Doom Patrol


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Doom Patrol #96 © 1965 DC Comics. (Cover art by Bob Brown.)

Doom Patrol

(pop culture)

It’s asking a lot of a comic to star “the world’s strangest heroes,” but the Doom Patrol has delivered on that promise not once but twice. The veteran creative duo of writer Arnold Drake and artist Bruno Premiani introduced the team in the pages of DC Comics’ My Greatest Adventure #80 (in mid-1963). Their first story relates how the wheelchair-bound genius Niles Caulder (also called “the Chief”) summons “three victims of a cruel and fantastic fate” to his brownstone to offer them the chance of adventure—and superhero status. The three are: actress Rita Farr, who, after being affected by volcanic gas, is able to assume a large or small size (Elasti-Girl); Larry Trainor, a test pilot who was doused in cosmic rays, gaining an “energy double” made of negative energy—though this can only survive outside his body for sixty seconds (Negative Man); and Cliff Steele, a daredevil racecar driver, whose brain is transplanted by the Chief into a robot body following a cataclysmic crash (Robotman— no relation to the Golden Age [1938-1954] character of the same name).

Drake conceived the team as a response to such emerging Marvel Comics superheroes as the Fantastic Four, which emphasized characterization over the convoluted plots that were then DC’s stock-in-trade. In fact, the Marvel superhero team and comic that the Doom Patrol most closely resembled was the X-Men, which shared its lineup of bitter outsiders under a wheelchair-confined leader, a secret hi-tech hideout, and arch-villains with similar names (the Brotherhood of Evil for Doom Patrol, the Brotherhood of Evil Mutants for the X-Men). Indeed, to compound the similarities, Drake would later move to Marvel to write—you guessed it—the X-Men comic. Significantly, however, it was the Doom Patrol that came first (by three months), though, while both strips developed a committed readership, it was the X-Men which proved the more enduring of the two.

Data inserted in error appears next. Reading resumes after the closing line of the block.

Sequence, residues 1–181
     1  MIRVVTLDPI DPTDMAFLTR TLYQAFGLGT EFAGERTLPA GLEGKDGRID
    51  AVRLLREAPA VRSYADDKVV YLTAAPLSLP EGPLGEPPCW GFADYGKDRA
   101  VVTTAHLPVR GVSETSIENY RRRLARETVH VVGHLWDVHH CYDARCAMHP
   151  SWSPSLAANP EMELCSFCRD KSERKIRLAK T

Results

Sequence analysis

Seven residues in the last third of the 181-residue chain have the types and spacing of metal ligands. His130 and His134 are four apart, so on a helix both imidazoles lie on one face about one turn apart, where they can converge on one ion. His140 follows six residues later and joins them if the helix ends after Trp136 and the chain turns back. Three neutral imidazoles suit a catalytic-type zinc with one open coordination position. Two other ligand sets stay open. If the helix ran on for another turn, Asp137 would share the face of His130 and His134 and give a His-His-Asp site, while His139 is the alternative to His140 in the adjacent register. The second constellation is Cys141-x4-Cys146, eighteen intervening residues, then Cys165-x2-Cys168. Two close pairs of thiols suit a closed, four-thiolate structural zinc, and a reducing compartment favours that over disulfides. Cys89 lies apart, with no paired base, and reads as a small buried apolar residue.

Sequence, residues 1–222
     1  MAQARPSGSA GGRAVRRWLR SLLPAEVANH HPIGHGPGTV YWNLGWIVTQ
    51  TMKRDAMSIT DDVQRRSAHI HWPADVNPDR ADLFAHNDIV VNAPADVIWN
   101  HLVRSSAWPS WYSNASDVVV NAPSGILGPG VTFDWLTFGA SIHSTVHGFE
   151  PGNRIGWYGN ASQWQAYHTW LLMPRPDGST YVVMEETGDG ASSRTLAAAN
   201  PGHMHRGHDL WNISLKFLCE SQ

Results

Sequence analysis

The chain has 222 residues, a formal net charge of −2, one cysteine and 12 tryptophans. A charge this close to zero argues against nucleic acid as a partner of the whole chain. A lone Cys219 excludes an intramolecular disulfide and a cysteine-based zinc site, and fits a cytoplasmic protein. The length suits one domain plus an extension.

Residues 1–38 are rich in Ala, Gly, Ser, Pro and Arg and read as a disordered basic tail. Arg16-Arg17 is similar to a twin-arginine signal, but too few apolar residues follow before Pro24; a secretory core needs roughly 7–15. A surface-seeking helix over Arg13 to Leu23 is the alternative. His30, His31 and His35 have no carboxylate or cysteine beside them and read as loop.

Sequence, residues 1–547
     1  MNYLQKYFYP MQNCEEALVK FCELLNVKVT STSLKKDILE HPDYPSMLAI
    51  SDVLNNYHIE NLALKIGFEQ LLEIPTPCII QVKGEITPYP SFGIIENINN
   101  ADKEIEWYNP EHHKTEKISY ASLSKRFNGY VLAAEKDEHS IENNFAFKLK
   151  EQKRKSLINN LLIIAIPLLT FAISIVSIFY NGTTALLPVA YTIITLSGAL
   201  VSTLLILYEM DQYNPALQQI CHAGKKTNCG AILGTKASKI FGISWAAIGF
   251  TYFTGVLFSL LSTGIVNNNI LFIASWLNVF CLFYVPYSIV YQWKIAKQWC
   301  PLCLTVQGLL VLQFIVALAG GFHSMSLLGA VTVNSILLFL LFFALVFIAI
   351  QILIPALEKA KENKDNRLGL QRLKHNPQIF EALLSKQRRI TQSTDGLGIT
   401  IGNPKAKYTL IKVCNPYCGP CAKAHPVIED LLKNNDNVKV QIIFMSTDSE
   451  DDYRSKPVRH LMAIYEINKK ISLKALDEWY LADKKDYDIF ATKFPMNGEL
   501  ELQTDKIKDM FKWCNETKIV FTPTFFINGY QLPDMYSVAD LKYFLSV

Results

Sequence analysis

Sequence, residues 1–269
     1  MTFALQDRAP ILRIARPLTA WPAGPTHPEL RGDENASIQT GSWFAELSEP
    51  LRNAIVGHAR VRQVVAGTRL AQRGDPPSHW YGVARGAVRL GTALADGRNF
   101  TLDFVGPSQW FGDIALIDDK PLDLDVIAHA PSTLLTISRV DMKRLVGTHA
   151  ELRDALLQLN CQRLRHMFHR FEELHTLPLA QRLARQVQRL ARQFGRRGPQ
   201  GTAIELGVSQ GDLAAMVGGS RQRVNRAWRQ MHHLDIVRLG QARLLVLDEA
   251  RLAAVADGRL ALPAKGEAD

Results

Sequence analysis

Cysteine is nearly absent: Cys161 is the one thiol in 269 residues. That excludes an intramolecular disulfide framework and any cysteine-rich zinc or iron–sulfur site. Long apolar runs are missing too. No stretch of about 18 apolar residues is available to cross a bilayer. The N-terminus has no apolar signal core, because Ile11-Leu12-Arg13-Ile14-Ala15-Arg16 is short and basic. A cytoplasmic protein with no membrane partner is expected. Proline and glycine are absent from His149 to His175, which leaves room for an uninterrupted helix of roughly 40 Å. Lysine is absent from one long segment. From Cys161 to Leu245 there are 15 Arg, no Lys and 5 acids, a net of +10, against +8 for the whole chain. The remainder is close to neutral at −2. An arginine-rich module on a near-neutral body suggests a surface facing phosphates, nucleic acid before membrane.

Back in 1963, however, the Doom Patrol comic soon proved popular, and with its 86th issue, My Greatest Adventure was retitled The Doom Patrol and ran under that name until issue #121 five years later. The strip had an air of sophistication about it, thanks to Drake’s well-rounded characterizations and Premiani’s accomplished, European-flavored draftsmanship, which set it apart from its rivals. The lineup was augmented by bizarre figures such as Mento, the wealthy Steve Dayton, who built himself his own (ludicrous-looking) mind-reading hairnet, and the green-skinned Beast Boy, who could change into any animal (and who later joined the Teen Titans). Villains, too, were included in abundance, such as the immortal (and very wrinkly) General Immortus, Videx (a giant with see-through skin), an enormous walking jukebox, and assorted other monsters and mutants. The aforementioned Brotherhood of Evil was a motley crew consisting of the Brain (who was just that—a brain), the shape-changing Madame Rouge, and Monsieur Mallah, who was a sentient gorilla.

In time, Mento and Elasti-Girl married, and then adopted Beast Boy, while Madame Rouge fell in love with the Chief—but the comic was perhaps too strange for some readers and cancellation became inevitable. The last issue ended with the group sacrificing themselves to save a village, and they stayed dead for a decade, but when DC’s Showcase comic was revived in 1977, so too was the Doom Patrol. It seemed that Robotman had somehow survived the explosion that killed his teammates, and he joined up with a new group of young outsiders: Tempest, Negative Woman (no relation), and Celsius, who turned out to have been married to the Chief (not that anyone knew). This new team starred in a mere three issues of Showcase, and then had to wait another ten years before being heard from again, when a new Doom Patrol comic premiered in 1987.